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You are here: Home / News / Learning and the transformative potential of citizen science - results of ALTER-Net's first 'high impact action' published

Learning and the transformative potential of citizen science - results of ALTER-Net's first 'high impact action' published

In 2014, ALTER-Net launched the ALTER-Net High Impact Actions (AHIA) initiative, the aim of which is to deliver a high impact paper on hot topics related to biodiversity, ecosystems and ecosystems services. The first project, which began in 2014/15 is now complete.

 

The first AHIA project was led by ALTER-Net partner ESSRG and was called Public participation in science and policy: development of a science-society interface in relation to biodiversity and ecosystem services.

Citizen science is a relatively new way of knowledge co-creation, where professional scientists and enthusiastic citizens collaboratively search for answers. While it certainly presents challenges, it also provides a great opportunity for both parties to engage science and nature together, and ultimately, can result in transformative societal changes.

The number of collaborative initiatives between scientists and volunteers (i.e., citizen science) is increasing across many research fields. The promise of societal transformation together with scientific breakthroughs contributes to the current popularity of citizen science (CS) in the policy domain. The researchers examined the transformative capacity of citizen science, in particular learning through environmental CS as conservation tool.

"the assertion of transformative effects of Citizen Science learning is often based on assumptions rather than empirical observation" - Bela, G. et al. Cons. Biol.

During their study, the team reviewed the CS and social-learning literature and examined 14 conservation projects across Europe that involved collaborative CS. They also developed a template that can be used to explore learning arrangements (i.e., learning events and materials) in CS projects and to explain how the desired outcomes can be achieved through CS learning.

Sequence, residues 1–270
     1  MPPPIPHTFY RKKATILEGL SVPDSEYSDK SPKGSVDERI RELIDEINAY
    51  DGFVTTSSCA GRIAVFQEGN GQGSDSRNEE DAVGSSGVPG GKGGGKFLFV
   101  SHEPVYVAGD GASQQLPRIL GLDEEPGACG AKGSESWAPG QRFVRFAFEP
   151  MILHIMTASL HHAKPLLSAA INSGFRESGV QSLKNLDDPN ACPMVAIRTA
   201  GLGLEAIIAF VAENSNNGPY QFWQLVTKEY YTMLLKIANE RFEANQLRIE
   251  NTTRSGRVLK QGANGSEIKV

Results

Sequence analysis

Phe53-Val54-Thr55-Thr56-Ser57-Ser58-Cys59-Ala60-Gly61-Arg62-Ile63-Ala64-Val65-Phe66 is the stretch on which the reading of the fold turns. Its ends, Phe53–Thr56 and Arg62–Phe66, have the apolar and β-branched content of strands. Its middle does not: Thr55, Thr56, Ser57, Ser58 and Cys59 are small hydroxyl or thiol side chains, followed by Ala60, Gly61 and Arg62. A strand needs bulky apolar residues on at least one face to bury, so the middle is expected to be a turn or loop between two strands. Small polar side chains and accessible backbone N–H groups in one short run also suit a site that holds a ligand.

The ALTER-Net team found that recent studies aiming to define CS for analytical purposes often fail to improve the conceptual clarity of CS; CS programs may have transformative potential, especially for the development of individual skills, but such transformation is not necessarily occurring at the organizational and institutional levels; empirical evidence on simple learning outcomes, but the assertion of transformative effects of CS learning is often based on assumptions rather than empirical observation; and it is unanimous that learning in CS is considered important, but in practice it often goes unreported or unevaluated.

In conclusion, the researchers point to the need for reliable and transparent measurement of transformative effects for democratization of knowledge production.

The research is reported in the journal Conservation Biology (Bela, G., Peltola, T., Young, J. C., Balázs, B., Arpin, I., Pataki, G., Hauck, J., Kelemen, E., Kopperoinen, L., Van Herzele, A., Keune, H., Hecker, S., Suškevičs, M., Roy, H. E., Itkonen, P., Külvik, M., László, M., Basnou, C., Pino, J. and Bonn, A. (2016), Learning and the transformative potential of citizen science. Conservation Biology, 30: 990–999. doi:10.1111/cobi.12762).

The team also produced a video about the role of Citizen Science in biodiversity research.

Further information